Infectious Mosquitoes Pose Increasing Health Threat

By Este Geraghty, MD, MS, MPH, GISP

Mosquitoes represent a grave threat to human life. Did you know that these winged vectors rack up almost double the death toll as violent crime and war? Worse yet, the numbers are increasing. With more than 3,500 species and the ability to adapt quickly to new environments, mosquitoes have tremendous potential to spread disease-causing pathogens around the world.

In the past 15 years, we’ve seen examples of mosquito-borne diseases that have caused illness, disability, and death at a pandemic scale. Tens of thousands in the US have suffered serious cases of West Nile virus and Zika virus to name a few. Zika virus also has the terrible potential consequence of causing microcephaly, a type of cranial deformity, in the babies of women infected during their pregnancy. In Florida, where the mosquito threat persists year-round, Zika transmission has increased by 60% since 2004—thanks to the Asian Tiger Mosquito whose larvae hitchhiked inside imported tires filled with pools of water bound for Texas in 1985. The wet conditions brought by Hurricane Irma will exacerbate the problem.

Explosions of mosquito vector populations combined with a highly mobile, ‘pandemically prone’ society has raised the attention of the US and other national governments to investigate the crisis and respond to it with equal measures of brains and brawn. The “brains,” in this case, consist of a location technology platform that helps organize, coordinate, and guide the prevention, surveillance, and control activities of an integrated vector-control plan. The “brawn,” of course, is in the applied tactics used by public health and vector control agencies in their efforts to protect human populations around the world.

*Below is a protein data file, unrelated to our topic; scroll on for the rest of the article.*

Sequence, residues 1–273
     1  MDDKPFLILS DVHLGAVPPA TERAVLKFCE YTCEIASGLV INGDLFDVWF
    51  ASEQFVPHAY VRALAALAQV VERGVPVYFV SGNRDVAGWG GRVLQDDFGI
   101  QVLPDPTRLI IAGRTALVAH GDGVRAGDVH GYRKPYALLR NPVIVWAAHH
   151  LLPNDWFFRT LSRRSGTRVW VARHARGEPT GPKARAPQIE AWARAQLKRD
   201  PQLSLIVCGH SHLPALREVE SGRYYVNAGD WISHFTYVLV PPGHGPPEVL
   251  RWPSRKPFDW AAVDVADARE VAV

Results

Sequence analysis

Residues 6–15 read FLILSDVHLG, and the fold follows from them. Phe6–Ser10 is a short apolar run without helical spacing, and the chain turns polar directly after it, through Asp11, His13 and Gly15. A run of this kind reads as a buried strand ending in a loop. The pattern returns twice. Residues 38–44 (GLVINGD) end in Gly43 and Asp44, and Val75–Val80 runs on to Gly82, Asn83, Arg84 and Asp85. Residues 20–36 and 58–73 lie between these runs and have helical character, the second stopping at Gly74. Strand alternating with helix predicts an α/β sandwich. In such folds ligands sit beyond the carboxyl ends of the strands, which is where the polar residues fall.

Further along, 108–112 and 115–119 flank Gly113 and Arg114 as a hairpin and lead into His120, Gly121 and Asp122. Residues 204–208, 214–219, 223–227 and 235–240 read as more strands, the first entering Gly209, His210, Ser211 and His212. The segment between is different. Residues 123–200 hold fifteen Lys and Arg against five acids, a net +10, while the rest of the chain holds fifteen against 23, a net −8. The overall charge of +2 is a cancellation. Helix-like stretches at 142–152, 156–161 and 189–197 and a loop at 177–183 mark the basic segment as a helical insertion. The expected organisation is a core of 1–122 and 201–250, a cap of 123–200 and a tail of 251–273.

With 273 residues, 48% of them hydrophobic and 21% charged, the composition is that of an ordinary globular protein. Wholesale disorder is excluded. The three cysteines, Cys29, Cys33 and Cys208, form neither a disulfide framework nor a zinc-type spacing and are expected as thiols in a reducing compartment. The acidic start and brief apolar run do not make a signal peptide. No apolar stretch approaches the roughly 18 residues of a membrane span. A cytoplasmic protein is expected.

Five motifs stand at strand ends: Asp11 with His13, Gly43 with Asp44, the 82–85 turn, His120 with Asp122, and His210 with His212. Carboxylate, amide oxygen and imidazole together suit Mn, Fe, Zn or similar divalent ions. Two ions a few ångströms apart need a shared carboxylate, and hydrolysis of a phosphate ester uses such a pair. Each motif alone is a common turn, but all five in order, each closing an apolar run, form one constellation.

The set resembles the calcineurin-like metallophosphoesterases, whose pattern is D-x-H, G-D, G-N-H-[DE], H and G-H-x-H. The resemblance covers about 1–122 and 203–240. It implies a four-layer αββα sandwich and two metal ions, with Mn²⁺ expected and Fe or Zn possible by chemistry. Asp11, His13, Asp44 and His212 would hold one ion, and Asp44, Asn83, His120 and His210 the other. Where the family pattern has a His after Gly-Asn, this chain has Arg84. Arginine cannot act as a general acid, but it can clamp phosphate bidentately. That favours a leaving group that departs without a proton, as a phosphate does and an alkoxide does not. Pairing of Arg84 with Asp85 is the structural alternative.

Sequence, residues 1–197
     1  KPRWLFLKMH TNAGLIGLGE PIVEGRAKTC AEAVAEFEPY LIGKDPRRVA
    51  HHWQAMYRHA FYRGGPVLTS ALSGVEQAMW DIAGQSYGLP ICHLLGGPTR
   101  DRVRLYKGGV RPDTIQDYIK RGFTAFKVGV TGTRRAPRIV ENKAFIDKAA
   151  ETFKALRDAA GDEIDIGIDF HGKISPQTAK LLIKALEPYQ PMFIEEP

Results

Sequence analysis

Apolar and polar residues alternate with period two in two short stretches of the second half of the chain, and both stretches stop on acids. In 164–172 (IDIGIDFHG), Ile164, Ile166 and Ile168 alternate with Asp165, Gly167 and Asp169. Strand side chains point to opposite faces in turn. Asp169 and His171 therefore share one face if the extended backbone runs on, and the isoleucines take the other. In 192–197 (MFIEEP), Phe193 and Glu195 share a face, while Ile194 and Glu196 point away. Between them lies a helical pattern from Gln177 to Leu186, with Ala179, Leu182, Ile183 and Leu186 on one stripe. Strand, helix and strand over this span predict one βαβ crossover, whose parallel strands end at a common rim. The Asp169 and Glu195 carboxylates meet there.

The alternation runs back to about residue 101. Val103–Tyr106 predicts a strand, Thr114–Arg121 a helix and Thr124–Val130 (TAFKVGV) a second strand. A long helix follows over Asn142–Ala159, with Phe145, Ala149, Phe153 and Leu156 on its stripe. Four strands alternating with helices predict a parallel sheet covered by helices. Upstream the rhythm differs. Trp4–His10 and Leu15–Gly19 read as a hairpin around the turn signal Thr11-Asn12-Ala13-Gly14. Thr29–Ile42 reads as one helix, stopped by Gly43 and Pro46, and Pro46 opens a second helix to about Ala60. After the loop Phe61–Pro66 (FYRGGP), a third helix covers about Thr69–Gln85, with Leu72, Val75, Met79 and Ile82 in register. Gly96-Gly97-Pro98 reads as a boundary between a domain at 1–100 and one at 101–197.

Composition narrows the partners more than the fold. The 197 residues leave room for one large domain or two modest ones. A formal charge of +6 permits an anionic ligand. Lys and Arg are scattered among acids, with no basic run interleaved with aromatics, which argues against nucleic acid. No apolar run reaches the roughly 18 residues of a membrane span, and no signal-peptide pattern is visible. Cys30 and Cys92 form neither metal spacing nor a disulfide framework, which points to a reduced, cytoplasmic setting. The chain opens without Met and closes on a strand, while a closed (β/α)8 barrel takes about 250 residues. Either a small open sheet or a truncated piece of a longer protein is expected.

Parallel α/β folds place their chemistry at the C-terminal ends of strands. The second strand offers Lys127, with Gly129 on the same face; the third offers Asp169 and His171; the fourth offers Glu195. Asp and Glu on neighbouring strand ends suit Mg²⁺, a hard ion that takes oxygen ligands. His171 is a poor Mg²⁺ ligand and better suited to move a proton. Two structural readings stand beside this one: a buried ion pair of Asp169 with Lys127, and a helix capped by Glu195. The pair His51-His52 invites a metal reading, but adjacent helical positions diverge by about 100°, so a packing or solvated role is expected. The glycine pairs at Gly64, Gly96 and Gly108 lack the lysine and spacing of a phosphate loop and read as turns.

Volusia County Helicopter
Volusia County, Florida, deploys an integrated mosquito management plan using many tools for its mosquito fight. This includes the use of helicopters to scout for larvae as well as apply ultra-low-volume insecticide spray over broad areas when surveillance indicates that infestations are widespread.

GIS is core equipment in the fight.

With mosquitos carrying an assortment of ferocious tropical fevers and uncommon viruses, there’s great interest in adopting and applying modern technology in novel and increasingly effective ways. A geographic information system (GIS) is a key example of such a modern platform.

Geographic thinking, or what we call, The Science of WhereTM, is a natural fit for vector-borne disease surveillance and control. We’re seeing its use increase because GIS technology provides a framework for mapping and modeling that can be easily applied to any vector control operation. A location perspective streamlines and coordinates the workflow and approach from surveillance to response.

The foundation of vector control

There’s no way to kick-start proper reconnaissance without knowing the answers to two fundamental questions:

  1. Where are the mosquitoes that we should be concerned about?
  2. How do they behave?

Without a scientific truth source—datasets and databases—tactical response is impossible. Using GIS to address the mosquito threat begins with surveillance activities. Mosquito surveillance involves predicting where the potentially infected flies will be so that counter-assaults can be strategically targeted.

The mosquito is a very delicate fly, restricted by specific biological tolerances. It’s not able to live anywhere it wants. It can’t live on Mt. Rainier, for example, or in Death Valley. Those tolerances are characteristics determined by environmental variables such as elevation, climate, precipitation, and land cover. GIS facilitates prediction of a vector’s preferred environments by visualizing the environmental datasets and databases. Imagine trying to consider all of these factors in a spreadsheet. It would be impossible to detect geographic patterns of habitat suitability.

Volusia County Public Works
Staff from the Volusia County Public Works Department access maps and work orders from the field, record surveillance findings, and document their mitigation activities.